These artists believed that through contact with the natural landscapes of Canada, the nation could develop its own uniquely Canadian artistic movement.

This explicit goal helped these artists leave a permanent impression on Canada’s national mythology, identity and characteristics. In this way, Canada is a country that is permanently wild and dedicated to the preservation of its vast natural heritage.

The focus on wilderness – that is, untouched, untamed nature – was crucial to the Group of Seven’s attempt to create a feeling of national pride for Canadians. These artists focused on showcasing vast landscapes full of rich colour and regional experiences.

This conception of wilderness was not unique to the Group of Seven. They built upon the work of romantic authors such as William Wordsworth or Henry David Thoreau, who focused on the magnitude of wilderness as a place to locate the sublime.

Critically, the sublime characteristics of wilderness were only to be found if it were to be untouched, existing as a frontier that is still to be discovered by humankind. Like all myths, the Group of Seven’s idea of Canada as a country of untouched wilderness is a human fabrication and car ries with it undeniable political implications.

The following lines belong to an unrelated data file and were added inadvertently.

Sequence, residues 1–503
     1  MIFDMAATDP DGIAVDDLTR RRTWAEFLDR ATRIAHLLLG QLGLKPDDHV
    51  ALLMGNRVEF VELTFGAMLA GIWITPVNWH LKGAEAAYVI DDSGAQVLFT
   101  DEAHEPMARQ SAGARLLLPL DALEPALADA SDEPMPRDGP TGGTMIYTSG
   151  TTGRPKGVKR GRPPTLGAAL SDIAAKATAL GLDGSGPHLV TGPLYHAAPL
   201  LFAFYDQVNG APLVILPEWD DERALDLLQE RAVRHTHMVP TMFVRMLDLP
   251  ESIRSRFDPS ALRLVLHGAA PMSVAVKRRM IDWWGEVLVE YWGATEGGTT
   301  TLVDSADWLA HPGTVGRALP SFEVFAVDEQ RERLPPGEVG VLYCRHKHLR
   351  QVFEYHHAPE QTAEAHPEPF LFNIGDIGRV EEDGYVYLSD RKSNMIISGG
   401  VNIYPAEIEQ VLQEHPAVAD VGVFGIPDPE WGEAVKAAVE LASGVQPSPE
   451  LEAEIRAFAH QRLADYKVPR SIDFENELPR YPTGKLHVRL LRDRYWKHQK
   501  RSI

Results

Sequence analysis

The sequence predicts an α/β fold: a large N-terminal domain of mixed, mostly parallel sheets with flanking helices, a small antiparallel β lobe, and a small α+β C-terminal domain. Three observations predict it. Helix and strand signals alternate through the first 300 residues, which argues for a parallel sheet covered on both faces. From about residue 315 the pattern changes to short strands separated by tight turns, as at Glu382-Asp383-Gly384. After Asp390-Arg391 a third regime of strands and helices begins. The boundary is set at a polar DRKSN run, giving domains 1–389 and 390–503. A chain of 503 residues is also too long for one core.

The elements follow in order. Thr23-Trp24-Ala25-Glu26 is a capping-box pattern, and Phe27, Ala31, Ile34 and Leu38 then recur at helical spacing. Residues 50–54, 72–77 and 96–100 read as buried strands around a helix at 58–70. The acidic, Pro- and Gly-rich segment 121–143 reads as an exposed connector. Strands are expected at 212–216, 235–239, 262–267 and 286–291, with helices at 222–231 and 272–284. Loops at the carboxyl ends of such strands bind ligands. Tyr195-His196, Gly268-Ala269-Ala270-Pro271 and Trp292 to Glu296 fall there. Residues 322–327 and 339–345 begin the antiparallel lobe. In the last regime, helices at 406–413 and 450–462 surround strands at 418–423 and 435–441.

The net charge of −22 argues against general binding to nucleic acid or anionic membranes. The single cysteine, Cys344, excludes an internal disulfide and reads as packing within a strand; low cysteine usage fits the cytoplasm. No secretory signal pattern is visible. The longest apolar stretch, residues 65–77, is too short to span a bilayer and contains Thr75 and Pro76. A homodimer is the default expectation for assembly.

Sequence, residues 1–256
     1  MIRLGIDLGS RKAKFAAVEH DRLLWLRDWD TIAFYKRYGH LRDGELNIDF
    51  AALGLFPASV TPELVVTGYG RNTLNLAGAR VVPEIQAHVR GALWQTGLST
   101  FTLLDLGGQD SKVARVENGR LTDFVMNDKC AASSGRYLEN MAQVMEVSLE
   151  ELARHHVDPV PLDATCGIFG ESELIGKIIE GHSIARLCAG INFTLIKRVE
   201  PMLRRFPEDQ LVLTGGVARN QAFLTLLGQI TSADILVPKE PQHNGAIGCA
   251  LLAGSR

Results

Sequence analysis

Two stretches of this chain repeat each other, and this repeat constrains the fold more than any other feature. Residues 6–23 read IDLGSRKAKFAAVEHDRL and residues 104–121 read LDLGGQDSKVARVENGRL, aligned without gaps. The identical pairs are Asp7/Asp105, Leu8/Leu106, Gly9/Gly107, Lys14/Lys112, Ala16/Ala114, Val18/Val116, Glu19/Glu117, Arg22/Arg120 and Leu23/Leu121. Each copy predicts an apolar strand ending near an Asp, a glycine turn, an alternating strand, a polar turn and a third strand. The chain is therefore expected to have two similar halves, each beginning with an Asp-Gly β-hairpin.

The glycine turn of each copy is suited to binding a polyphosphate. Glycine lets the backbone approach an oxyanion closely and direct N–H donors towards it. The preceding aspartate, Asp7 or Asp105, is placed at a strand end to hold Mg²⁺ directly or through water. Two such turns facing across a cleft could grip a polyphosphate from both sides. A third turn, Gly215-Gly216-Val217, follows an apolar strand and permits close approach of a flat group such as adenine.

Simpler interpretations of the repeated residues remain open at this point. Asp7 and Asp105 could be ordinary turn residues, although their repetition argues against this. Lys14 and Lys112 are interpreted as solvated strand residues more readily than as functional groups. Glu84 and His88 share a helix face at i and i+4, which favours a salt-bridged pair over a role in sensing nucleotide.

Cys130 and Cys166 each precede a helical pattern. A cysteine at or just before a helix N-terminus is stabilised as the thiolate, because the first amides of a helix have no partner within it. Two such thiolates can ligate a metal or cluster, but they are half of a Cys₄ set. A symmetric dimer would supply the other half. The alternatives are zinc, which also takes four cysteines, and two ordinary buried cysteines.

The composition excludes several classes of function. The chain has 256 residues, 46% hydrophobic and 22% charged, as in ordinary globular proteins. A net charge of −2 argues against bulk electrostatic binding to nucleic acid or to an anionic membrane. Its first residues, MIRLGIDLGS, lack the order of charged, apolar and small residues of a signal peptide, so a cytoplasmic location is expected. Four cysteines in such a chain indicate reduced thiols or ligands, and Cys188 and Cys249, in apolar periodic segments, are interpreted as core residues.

In his essay The Trouble with Wilderness, historian William Cronon turns a critical eye toward romantic concepts of wilderness. Cronon highlights that the concept of wilderness often attempts to escape from the reality that humans play a vital part of all landscapes, even those that seem untouched.

In the Americas, Cronon’s assertions are all the more necessary, as the history of settler-colonialism has largely been built upon an imagining of these lands as devoid of human life.

The lands of Canada have been inhabited since time immemorial by various Indigenous peoples. To deny this fact is to perpetuate the ongoing violence of settler-colonialism.

The initiative by Oceans North to highlight Thorassie’s art is a counterpoint to the history that the Group of Seven and their art plays in Canadian mythology. Thorassie’s work shows off his personal experience as a lover of art, music and creativity and as an individual who inhabits the landscapes of Northern Manitoba.

Oceans North is attuned to this narrative, explicitly attempting to undo the historic Canadian narrative that pristine landscapes are always untouched. The organization wishes to showcase the Indigenous people who have and continue to live with and safeguard these landscapes for generations.

“It is critical at Oceans North that we highlight not just the ecosystems but also the people that inhabit them and depend on them,” Debicki says. “We are lucky to have very healthy and abundant watersheds, but that doesn’t mean that they are untouched.”

From Nov. 4 to 30, Oceans North will host Jedrick Thorassie’s solo exhibition Sheni Aye Desnethe (Seal River) at 70 Albert St.

Published in Volume 77, Number 09 of The Uniter (November 10, 2022)